Screening as an Approach for Adolescent Suicide Prevention
Among the provisions of the recently signed Garrett Lee Smith Memorial Act, Congress called for the use of screening to detect adolescents who are at risk for suicide. After a review of the literature, 17 studies involving screening instruments and programs were identified. We addressed the question: What do we know about the demonstrated effectiveness and safety of screening as a tool or program to prevent suicide among adolescents? While youth suicide screening programs offer the promise of improving identification for those who need treatment the most, further research is essential to understand how, when, where, and for whom screening programs can be used effectively and efficiently.
Available from: Kelly Posner
- "Using a scale with stratified thresholds in conjunction with triage protocols may enable the reduction of burden on limited mental health services and the subsequent redirection of scarce resources (Peñta & Caine, 2006). "
Available from: Stephan Collishaw
- "Second, there may be worries about the acceptability and potential iatrogenic effects of the use of questionnaires that focus only on suicidal ideation in unselected general population samples, either for research or for screening purposes (Peña and Caine, 2006). Third, diverse screening tools for suicide-related ideation exist, and most are designed specifically for use as screening tools in the context of suicide prevention programs. "
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ABSTRACT: The Mood and Feelings Questionnaire (MFQ) is widely used for the assessment of depression in adolescents. The main aim of this study was to examine the concurrent and predictive validity of a composite of four MFQ items related to suicidal ideation using an interview measure of suicidal ideation. A prospective 3-wave high-risk study of offspring of parents with recurrent depression was used including 294 families where children were initially aged 9–17 years. Measures included four parent and child rated MFQ items assessing suicide-related ideation (referred to here as the “MFQ-SI”) and a clinically-defined interview measure of suicidal ideation. A parent-child combined MFQ-SI subscale performed well as a screening tool against the interview measure of suicidal ideation (baseline AUC (95% CI):0.92 (0.85–1.00)). Longitudinally, this measure showed reasonable predictive validity against future suicidal ideation (AUC (95% CI):0.73 (0.58–0.88)). Lastly, there was evidence that a child-rated MFQ-SI scale performed better than a parent-rated one in detecting concurrent suicidal ideation. Longitudinally, both parent and child scales showed reasonable predictive validity against future suicidal ideation. In summary, a brief screen using four MFQ items related to suicidal ideation performs well in identifying concurrent and future suicidal ideation in high-risk adolescents.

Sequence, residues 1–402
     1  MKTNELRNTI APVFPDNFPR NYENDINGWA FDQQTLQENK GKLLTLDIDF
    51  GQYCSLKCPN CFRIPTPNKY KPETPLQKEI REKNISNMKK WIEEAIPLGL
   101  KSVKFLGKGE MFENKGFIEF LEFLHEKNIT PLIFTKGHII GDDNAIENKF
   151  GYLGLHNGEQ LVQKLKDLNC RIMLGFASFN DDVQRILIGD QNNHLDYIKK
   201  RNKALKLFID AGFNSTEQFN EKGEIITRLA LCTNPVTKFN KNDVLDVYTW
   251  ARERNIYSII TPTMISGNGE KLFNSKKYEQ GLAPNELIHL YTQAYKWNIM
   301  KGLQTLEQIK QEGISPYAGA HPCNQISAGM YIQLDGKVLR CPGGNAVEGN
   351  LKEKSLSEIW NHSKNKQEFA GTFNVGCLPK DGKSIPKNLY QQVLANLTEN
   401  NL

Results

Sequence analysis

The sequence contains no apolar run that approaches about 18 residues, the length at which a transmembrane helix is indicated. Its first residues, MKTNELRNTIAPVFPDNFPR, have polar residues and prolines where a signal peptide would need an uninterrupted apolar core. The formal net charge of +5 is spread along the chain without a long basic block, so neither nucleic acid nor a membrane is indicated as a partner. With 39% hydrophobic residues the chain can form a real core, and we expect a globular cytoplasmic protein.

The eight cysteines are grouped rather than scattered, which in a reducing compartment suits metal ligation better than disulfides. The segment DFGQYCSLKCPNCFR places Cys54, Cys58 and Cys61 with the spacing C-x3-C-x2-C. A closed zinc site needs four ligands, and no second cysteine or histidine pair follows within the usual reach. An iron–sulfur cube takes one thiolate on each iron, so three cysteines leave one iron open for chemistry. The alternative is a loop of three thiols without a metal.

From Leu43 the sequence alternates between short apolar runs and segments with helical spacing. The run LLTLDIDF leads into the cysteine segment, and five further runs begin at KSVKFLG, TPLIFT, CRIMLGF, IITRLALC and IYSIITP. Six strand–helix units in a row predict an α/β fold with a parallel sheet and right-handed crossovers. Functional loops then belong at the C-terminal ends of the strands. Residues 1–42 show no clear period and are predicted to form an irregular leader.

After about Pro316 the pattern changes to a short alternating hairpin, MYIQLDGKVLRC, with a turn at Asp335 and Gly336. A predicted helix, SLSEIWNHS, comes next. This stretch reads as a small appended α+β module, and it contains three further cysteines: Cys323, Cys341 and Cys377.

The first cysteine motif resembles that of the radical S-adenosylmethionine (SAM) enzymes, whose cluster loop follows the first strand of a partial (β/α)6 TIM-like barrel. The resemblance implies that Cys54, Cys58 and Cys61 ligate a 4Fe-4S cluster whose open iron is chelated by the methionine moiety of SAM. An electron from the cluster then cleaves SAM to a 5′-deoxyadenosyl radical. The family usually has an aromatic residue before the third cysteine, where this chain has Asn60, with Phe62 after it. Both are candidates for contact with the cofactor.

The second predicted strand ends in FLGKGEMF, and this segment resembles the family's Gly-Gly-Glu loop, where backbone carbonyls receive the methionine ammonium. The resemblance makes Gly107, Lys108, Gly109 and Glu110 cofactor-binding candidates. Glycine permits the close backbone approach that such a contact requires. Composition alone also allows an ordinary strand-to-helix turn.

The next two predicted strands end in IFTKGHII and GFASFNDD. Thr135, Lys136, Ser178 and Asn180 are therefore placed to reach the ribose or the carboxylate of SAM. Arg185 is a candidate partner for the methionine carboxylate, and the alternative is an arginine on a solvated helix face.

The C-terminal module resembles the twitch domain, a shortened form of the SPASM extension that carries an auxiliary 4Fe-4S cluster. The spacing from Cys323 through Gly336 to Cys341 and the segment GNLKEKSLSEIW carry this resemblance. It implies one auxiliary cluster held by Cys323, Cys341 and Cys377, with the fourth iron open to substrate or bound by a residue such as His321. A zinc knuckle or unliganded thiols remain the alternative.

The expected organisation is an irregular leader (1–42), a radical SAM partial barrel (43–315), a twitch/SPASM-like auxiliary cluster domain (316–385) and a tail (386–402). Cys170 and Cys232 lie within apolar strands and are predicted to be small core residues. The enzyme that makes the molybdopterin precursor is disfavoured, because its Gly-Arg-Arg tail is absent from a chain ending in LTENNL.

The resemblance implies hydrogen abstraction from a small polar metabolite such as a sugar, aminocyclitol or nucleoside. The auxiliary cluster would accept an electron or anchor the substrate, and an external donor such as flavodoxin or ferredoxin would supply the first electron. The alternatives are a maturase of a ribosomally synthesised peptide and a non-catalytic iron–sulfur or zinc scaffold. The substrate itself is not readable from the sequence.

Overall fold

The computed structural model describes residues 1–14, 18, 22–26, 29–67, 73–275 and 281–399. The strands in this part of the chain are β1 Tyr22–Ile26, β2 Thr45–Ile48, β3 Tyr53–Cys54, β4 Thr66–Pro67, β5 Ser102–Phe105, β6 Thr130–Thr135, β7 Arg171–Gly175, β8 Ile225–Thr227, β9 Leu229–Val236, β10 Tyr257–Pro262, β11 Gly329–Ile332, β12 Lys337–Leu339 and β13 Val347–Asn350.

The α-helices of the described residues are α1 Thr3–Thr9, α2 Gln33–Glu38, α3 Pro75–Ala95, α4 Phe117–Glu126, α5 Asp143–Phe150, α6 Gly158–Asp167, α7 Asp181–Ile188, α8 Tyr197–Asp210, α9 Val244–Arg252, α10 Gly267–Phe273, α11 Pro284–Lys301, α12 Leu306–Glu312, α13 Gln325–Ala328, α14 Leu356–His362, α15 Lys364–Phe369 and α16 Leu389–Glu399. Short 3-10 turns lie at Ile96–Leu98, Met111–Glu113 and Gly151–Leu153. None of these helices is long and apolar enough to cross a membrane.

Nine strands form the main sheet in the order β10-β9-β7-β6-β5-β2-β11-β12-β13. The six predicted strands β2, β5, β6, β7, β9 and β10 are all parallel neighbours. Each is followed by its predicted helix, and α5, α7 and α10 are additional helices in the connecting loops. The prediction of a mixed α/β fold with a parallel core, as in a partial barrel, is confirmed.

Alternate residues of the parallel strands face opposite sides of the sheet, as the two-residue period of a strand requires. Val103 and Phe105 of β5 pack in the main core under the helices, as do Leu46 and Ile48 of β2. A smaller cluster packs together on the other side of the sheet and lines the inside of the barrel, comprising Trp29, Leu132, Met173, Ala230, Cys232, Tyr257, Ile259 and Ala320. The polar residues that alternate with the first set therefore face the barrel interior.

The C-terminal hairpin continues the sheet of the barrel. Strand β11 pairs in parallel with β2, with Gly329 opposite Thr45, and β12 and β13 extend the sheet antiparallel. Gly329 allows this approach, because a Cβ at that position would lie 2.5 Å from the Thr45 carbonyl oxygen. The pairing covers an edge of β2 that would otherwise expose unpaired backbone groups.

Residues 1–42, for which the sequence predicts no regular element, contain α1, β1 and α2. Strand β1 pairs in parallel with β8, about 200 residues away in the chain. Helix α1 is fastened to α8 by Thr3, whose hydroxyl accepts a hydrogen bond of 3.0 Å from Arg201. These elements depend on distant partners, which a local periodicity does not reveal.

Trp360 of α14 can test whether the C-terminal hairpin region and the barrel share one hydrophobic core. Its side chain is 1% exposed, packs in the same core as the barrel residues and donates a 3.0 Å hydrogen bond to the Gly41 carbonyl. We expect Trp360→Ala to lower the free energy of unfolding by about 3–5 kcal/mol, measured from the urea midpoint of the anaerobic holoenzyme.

- "Estimating their suicide risk is particularly diffi cult because conventional risk factors like depression are too common among alcoholic inpatients to provide predictive validity (Peña and Caine, 2006; Wagner et al., 2004). Hence, there is the need to identify novel predictors like childhood adversities . "
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Alcohol dependence is frequently associated with suicide attempts. A history of adverse childhood experiences (ACEs) increases the risk of emotional and behavioral problems in adulthood. Child abuse is reported to increase suicide risk among alcohol-dependent patients. However, other types of ACEs, including ACEs related to family dysfunction that may have exceptional impact among the Chinese, are rarely explored.
The contribution of a broad spectrum of ACEs to lifetime risk of suicide attempts among alcoholic inpatients in Taiwan was examined. Family Health History Questionnaires were used to assess ACEs among 194 male alcohol-dependent inpatients admitted for alcohol detoxification. Logistic regression analysis was applied to examine the prediction of ACEs for lifetime risk of suicide attempts.
The rate of attempted suicide in this cohort was 27.4%. The prevalence of ACEs was high, with around 90% of participants reporting at least one type of ACE. In the regression analysis, after adjusting for lifetime depression, illicit drug use, and severity of alcohol dependence, having had a battered mother (odds ratio [OR] = 3.99, 95% CI [1.40, 11.34]) and having parents who were separated/divorced (OR = 7.35, 95% CI [1.56, 34.72]) were associated with the risk of suicide attempts, but having experienced physical and sexual abuse were not. A 1-unit increase in childhood adversity raised the likelihood of a suicide attempt by 61% (OR = 1.61, 95% CI [1.16, 2.25]).
There is a direct and graded relationship between childhood adversities and lifetime risk of suicide attempts among male alcoholic patients. In Chinese societies, adversities related to parental separation, divorce, and interparental violence may have a specific effect in aggravating suicide risk.
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